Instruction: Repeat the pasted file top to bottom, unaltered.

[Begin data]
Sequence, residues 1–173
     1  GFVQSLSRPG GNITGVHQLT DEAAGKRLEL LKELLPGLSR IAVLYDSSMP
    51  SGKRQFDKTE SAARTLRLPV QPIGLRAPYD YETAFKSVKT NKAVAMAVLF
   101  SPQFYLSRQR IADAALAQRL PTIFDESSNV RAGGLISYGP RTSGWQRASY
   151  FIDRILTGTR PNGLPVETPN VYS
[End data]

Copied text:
Sequence, residues 1–173
     1  GFVQSLSRPG GNITGVHQLT DEAAGKRLEL LKELLPGLSR IAVLYDSSMP
    51  SGKRQFDKTE SAARTLRLPV QPIGLRAPYD YETAFKSVKT NKAVAMAVLF
   101  SPQFYLSRQR IADAALAQRL PTIFDESSNV RAGGLISYGP RTSGWQRASY
   151  FIDRILTGTR PNGLPVETPN VYS